Austinville

They constructed a school which opened on 23 June 1934 and approximately 50 small homes beside the gravel track into Austinville Valley.

Arrival of banana settlers at the Mudgeeraba Railway Station circa 1920s Photographer unknown

Arrival of banana settlers at the Mudgeeraba Railway Station, circa 1920s. Photographer unknown

In the 1930s, following the worst years of the Great Depression, there were a number of schemes to relieve unemployment, particularly for those without work who lived in Brisbane.

Austinville was established by the Queensland Government in 1934 in an effort to resettle unemployed people on the land. It was named after the Under Secretary for the Department of Labour and Industry, Mr W.H. Austin, who was responsible for a number of Banana Settlement schemes in Queensland. Mr Austin died after a sudden illness on 27 May 1934 and the announcement of the name for the new settlement was made the following week.

Over 300 applicants for the scheme had been received and in June 1933, forty men left Brisbane to create access roads and clear and subdivide land into blocks for growing bananas, tobacco and cotton.

Track into Austinville circa 1930s Photographer unknown

Track leading into Austinville, circa 1930s. Photographer unknown

Working four days a week, the men constructed a school which opened on 23 June 1934 and approximately 50 small homes beside the gravel track into Austinville Valley. Behind the homes, along the valley floor, flowed Mudgeeraba Creek. The western side of the settlement was bordered by the Nimmel Range, an extremely rugged terrain, thick with heavy timber and vine scrub. By October 1934 approximately 200 acres of land was dedicated to growing bananas.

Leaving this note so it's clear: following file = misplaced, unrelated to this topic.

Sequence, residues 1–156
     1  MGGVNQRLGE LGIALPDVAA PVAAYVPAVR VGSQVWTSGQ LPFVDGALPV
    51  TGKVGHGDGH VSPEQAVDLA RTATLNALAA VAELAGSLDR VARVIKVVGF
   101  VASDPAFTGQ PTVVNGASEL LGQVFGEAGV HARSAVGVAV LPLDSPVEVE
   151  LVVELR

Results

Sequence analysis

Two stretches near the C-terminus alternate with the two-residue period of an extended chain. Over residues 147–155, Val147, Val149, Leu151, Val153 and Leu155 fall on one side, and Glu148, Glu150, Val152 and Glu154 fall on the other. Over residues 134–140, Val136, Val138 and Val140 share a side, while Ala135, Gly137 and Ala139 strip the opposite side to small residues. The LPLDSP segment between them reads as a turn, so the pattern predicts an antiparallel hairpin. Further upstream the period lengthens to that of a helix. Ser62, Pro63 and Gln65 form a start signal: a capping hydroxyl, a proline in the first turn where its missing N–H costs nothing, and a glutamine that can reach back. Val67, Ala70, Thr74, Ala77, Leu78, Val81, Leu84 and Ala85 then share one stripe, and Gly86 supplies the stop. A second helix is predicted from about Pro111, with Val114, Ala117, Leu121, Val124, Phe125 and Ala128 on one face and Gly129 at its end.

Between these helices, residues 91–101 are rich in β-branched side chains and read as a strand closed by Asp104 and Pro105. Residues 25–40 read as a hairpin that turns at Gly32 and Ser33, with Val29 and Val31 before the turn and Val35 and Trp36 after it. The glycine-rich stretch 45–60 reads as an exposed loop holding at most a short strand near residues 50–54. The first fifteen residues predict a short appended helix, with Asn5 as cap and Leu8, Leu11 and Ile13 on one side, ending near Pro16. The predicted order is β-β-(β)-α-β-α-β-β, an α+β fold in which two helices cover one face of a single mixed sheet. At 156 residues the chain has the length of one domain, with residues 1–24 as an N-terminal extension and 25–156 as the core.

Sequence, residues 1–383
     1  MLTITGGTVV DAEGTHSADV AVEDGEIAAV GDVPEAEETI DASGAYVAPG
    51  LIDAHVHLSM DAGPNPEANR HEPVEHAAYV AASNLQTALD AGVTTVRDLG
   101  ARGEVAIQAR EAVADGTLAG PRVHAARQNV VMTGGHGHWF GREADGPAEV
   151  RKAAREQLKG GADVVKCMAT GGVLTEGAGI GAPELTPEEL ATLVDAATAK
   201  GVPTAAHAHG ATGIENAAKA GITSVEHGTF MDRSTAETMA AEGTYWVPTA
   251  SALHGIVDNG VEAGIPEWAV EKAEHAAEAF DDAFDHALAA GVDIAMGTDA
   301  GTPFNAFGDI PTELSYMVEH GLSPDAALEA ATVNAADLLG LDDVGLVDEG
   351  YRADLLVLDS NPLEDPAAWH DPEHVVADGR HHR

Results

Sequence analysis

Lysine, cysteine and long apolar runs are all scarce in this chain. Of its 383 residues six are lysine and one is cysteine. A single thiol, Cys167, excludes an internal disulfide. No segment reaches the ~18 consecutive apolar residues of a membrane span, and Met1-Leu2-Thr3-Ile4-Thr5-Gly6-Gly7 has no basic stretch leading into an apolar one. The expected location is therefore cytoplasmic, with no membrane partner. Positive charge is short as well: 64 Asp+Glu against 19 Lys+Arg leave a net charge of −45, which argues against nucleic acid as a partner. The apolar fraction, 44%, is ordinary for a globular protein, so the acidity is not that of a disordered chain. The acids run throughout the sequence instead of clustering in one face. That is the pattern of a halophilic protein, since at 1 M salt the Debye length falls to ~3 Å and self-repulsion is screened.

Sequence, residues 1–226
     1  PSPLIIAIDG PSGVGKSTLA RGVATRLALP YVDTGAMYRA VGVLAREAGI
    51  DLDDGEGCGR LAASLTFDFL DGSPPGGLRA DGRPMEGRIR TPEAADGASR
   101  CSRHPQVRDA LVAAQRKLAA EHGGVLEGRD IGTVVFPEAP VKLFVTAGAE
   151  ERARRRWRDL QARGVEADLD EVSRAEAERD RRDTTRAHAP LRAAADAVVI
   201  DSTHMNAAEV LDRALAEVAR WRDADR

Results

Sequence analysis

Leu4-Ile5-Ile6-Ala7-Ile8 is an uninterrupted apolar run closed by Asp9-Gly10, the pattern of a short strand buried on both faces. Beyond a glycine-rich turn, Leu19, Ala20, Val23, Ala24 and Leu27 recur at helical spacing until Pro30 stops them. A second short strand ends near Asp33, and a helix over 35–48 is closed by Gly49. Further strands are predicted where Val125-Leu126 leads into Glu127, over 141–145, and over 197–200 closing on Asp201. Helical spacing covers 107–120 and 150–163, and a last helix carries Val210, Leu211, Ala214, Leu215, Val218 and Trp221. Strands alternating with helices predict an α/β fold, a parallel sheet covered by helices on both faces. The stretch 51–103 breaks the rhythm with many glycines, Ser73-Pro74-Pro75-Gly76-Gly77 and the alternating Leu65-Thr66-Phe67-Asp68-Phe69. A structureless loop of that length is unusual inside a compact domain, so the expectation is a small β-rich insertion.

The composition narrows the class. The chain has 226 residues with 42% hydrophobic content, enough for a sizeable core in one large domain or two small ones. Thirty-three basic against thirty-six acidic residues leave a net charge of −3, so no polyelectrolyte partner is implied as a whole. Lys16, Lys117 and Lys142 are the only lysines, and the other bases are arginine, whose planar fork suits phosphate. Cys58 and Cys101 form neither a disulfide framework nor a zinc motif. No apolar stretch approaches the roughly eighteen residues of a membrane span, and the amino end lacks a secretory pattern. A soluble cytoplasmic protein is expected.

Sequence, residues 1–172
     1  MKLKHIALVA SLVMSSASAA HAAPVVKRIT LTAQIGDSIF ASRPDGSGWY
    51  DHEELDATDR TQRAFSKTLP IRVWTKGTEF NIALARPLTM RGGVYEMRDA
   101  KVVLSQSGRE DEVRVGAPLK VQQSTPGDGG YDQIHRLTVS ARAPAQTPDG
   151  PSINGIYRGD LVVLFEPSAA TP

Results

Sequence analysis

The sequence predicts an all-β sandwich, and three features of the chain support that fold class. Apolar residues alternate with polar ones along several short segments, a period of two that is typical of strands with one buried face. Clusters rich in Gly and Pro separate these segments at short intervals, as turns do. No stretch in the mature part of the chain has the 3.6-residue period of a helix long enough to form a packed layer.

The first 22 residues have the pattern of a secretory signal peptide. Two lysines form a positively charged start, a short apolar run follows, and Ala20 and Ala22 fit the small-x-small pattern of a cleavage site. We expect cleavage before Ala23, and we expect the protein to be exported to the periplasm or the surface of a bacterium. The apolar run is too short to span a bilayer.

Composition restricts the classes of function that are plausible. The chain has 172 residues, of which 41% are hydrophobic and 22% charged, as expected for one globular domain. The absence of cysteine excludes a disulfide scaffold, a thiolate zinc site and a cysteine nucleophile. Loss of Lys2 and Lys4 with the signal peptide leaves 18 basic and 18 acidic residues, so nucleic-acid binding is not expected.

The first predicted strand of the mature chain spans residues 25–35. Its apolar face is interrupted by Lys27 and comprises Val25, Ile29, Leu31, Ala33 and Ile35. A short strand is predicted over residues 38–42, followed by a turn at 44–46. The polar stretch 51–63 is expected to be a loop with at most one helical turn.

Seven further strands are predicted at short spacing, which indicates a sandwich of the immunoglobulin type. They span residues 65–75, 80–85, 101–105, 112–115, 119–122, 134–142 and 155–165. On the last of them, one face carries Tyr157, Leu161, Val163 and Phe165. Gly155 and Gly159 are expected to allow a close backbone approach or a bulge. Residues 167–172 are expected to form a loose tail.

The families received a weekly ration allowance from the government, but the settlement which had a population of about 200 was short lived. By 1939, after the worst effects of the Depression were past, most of the families had left Austinville.

In later years, little remained of the original settlement and the few avocado and remaining dairy farms operating in the valley became dwarfed by the surrounding State Forest.

Further reading and sources of information

  1. MR. W. H AUSTIN. (1934, May 28). Warwick Daily News, p. 6. Retrieved June 17, 2015, from http://nla.gov.au/nla.news-article177506206
  2. AUSTINVILLE. (1934, June 2). Queensland Times (Ipswich), p. 8. Retrieved June 17, 2015, from http://nla.gov.au/nla.news-article116022894
  3. “MUST NOT FAIL.” Land Settlement. (1933, June 20). The Brisbane Courier, p. 12. Retrieved June 17, 2015, from http://nla.gov.au/nla.news-article22187405
  4. AUSTINVILLE SCHOOL. (1934, October 19). South Coast Bulletin, p. 7. Retrieved June 17, 2015, from http://nla.gov.au/nla.news-article133768444